I've got a mid 2012 MacBook Pro (non-retina) with a removable HD (Machine A). I want to perform a clean install of OS X El Capitan 10.11 on the HD, for which I have an install USB stick made.

Normally to do this I would:

  1. Remove the HD from the Machine A.

  2. Put it in a HD enclosure.

  3. Plug the HD enclosure into another machine (Machine B).

  4. Run disk utility on Machine B to wipe the HD in the enclosure.

  5. Take the HD out of the enclosure and put it back into Machine A.

  6. Boot machine A into my installer USB and install OS X 10.11 from there.

I don't have a HD enclosure at hand and wondered if I can instead:

  1. Turn-off machine A.

  2. Link machine B and machine A by cable. (What cable spec?)

  3. Run disk utility on machine B to reformat the drive on Machine A.

  4. Perform task 6 from above.

Would that work? What cable should I use?

4 Answers 4


You don’t need to remove the HDD and no need for second Mac.

  1. Boot the MacBook Pro from the USB stick (that you made with OS X El Capitan 10.11)

  2. Using Disk Utilities in the Tools menu, you can reformat the hard drive as part of the installation process.

To boot using the USB, restart your MacBook and press and hold the Option key and Select the USB drive to boot.

Note: you are operating (using OS X) from the USB

  • 3
    Just be aware that running MacOS from a USB is sloooow. But it works just fine.
    – gnasher729
    Dec 9, 2018 at 13:52
  • USB 2 sticks are always slow. USB 3 is quite a bit better.
    – Dev
    Dec 10, 2018 at 3:47

There is no need for the USB stick, you can do a clean install from the recovery partition if it's available. Depending on the origin of the USB stick, it might even be a bad idea to use it at all.

Restart into recovery mode, delete the current installation and reinstall the operating system for the same result: https://support.apple.com/en-us/HT204904

  • 3
    Yes, while it is true one can use install from the recovery partition without a USB nonetheless, the User wants to install OS X El Capitan and the Mid 2012 MacBook Pro (non-Retina) shipped with Mac OS X 10.7.4 not OS X 10.11 and as such he cannot easily directly install OS X El Capitan 10.11 without using the USB Installer he already has that has OS X El Capitan 10.11 already on it. Using his existing USB Installer is the best and most recommended way to go under the circumstances! Dec 8, 2018 at 19:09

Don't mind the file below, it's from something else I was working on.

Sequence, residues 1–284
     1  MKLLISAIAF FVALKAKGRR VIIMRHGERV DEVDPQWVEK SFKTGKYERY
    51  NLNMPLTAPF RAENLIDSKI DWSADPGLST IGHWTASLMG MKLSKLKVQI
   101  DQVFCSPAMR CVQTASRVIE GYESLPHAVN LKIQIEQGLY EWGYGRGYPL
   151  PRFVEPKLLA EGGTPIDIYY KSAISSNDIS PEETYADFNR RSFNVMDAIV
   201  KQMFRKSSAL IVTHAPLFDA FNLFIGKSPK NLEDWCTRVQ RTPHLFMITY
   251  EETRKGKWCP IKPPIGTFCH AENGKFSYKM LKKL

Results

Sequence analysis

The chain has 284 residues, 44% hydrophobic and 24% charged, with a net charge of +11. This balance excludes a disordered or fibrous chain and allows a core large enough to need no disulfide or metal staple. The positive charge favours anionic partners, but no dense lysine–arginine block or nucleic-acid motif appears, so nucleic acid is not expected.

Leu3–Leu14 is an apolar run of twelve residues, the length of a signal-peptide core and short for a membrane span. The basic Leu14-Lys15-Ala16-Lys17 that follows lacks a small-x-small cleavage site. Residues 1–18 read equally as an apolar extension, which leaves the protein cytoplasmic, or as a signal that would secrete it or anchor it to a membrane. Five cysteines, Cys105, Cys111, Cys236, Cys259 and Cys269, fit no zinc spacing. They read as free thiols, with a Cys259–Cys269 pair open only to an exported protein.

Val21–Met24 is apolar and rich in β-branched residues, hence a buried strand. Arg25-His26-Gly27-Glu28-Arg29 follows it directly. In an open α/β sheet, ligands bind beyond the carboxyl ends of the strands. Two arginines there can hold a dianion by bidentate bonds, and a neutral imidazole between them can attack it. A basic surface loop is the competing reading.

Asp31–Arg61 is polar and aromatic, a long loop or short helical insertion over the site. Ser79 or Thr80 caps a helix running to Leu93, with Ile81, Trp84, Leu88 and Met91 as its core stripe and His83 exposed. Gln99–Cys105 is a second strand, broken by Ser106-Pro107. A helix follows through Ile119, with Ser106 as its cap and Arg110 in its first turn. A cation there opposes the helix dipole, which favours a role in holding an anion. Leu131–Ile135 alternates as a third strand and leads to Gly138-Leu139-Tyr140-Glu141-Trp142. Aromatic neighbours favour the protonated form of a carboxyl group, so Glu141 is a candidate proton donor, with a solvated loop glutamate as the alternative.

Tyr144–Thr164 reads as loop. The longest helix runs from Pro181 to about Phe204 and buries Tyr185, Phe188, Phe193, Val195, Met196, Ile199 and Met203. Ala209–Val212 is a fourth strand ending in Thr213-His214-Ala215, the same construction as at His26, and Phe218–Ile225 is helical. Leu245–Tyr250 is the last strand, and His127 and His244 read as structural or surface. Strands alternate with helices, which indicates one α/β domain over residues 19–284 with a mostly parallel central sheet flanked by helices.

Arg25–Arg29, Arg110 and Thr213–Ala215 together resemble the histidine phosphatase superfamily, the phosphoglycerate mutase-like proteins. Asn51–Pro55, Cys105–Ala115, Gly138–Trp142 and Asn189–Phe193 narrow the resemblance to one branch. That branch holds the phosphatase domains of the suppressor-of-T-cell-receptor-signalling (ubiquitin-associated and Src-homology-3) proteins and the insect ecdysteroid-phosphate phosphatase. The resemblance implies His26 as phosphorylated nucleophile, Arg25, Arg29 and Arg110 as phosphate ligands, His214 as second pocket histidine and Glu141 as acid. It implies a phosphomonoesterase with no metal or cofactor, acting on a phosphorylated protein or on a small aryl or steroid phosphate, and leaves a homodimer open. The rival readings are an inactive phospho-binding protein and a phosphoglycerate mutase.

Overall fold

• That is possible by using Internet Recovery, this installs the shipped OS. This 2012 model might have it. Dec 8, 2018 at 19:10
  • @JohnKeates A 2012 MacBook Pro can’t possibly have shipped with El Capitan, which was released in September 2015.
    – Mike Scott
    Dec 8, 2018 at 20:27
  • @MikeScott I guess John means the 2012 model has Internet Recovery. “[installing OS X 10.11] is possible using IR, [recovery partition] installs the shipped OS”.
    – 11684
    Dec 8, 2018 at 23:33
  • 1
    The OP already has already created a USB Installer with OS X El Capitan on it and it is senseless to not use it as one would then have to download another +5 GB, which depending on the bandwidth could take may hours. Not everyone has high bandwidth from their ISP. Yes while technically it can be done without using a USB Installer nonetheless it makes absolutely no sense whatsoever to do it any other way then using the already existing USB Installer with OS X El Capitan on it! Dec 9, 2018 at 12:38

Can I re-format OS X drive without removing it from my MacBook Pro?


You need not remove the hard drive from machine A or connect machine A to machine B to do this.

You simply need a bootable (USB) installer for OS X El Capitan 10.11. Once you have the bootable installer handy, simply leave the hard disk into machine A, plug-in the bootable USB installer, and boot off it.

Once booted, simply start Disk utility, erase the hard drive and perform fresh install of OS X El Capitan 10.11 on it.

You can find the instructions to create a bootable installer for OS X El Capitan 10.11 here:

To boot from the USB, simply restart your MacBook Pro with the installer USB drive plugged-in, and press & hold the Option key. You'll be prompted to select the boot media. Select the USB drive to boot.

For detailed instructions, refer to the Use Startup Manager section in the Apple Support article, How to select a different startup disk.


The other answers describe the simplest and most straightforward way to do this.

However, for the sake of completeness, consider target disk mode.

Target disk mode allows you to boot your Mac into a state where it presents itself to other Macs as an external HD.

First, connect the two computers together with either USB C, Thunderbolt, or Firewire. Then, on the target computer, restart while holding down the T key.

The target Mac will boot to a screen with a Thunderbolt or Firewire symbol. It should appear as an external HD on the connected Mac.

See this Apple support article for many more details.

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